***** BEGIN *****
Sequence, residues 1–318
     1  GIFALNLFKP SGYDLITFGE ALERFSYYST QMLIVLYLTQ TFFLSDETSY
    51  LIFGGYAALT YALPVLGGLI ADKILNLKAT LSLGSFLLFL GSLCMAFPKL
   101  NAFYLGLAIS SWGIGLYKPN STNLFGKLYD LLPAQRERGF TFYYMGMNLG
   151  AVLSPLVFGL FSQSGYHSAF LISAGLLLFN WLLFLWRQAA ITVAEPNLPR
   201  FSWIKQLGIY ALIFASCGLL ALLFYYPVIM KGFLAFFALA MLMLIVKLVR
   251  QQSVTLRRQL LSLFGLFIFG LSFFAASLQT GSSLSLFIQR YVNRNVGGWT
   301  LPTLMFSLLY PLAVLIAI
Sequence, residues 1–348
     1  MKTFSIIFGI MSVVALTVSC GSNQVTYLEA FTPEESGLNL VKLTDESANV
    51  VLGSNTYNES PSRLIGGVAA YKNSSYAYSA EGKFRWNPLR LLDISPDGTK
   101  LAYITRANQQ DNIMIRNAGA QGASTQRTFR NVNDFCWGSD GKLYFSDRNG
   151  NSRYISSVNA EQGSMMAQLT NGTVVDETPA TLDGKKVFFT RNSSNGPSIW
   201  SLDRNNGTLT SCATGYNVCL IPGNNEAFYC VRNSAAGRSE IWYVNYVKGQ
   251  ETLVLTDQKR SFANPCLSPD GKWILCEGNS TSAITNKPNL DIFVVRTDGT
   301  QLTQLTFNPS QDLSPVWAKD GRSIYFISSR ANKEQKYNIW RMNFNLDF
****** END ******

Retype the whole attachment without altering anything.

Sequence, residues 1–318
     1  GIFALNLFKP SGYDLITFGE ALERFSYYST QMLIVLYLTQ TFFLSDETSY
    51  LIFGGYAALT YALPVLGGLI ADKILNLKAT LSLGSFLLFL GSLCMAFPKL
   101  NAFYLGLAIS SWGIGLYKPN STNLFGKLYD LLPAQRERGF TFYYMGMNLG
   151  AVLSPLVFGL FSQSGYHSAF LISAGLLLFN WLLFLWRQAA ITVAEPNLPR
   201  FSWIKQLGIY ALIFASCGLL ALLFYYPVIM KGFLAFFALA MLMLIVKLVR
   251  QQSVTLRRQL LSLFGLFIFG LSFFAASLQT GSSLSLFIQR YVNRNVGGWT
   301  LPTLMFSLLY PLAVLIAI
Sequence, residues 1–348
     1  MKTFSIIFGI MSVVALTVSC GSNQVTYLEA FTPEESGLNL VKLTDESANV
    51  VLGSNTYNES PSRLIGGVAA YKNSSYAYSA EGKFRWNPLR LLDISPDGTK
   101  LAYITRANQQ DNIMIRNAGA QGASTQRTFR NVNDFCWGSD GKLYFSDRNG
   151  NSRYISSVNA EQGSMMAQLT NGTVVDETPA TLDGKKVFFT RNSSNGPSIW
   201  SLDRNNGTLT SCATGYNVCL IPGNNEAFYC VRNSAAGRSE IWYVNYVKGQ
   251  ETLVLTDQKR SFANPCLSPD GKWILCEGNS TSAITNKPNL DIFVVRTDGT
   301  QLTQLTFNPS QDLSPVWAKD GRSIYFISSR ANKEQKYNIW RMNFNLDF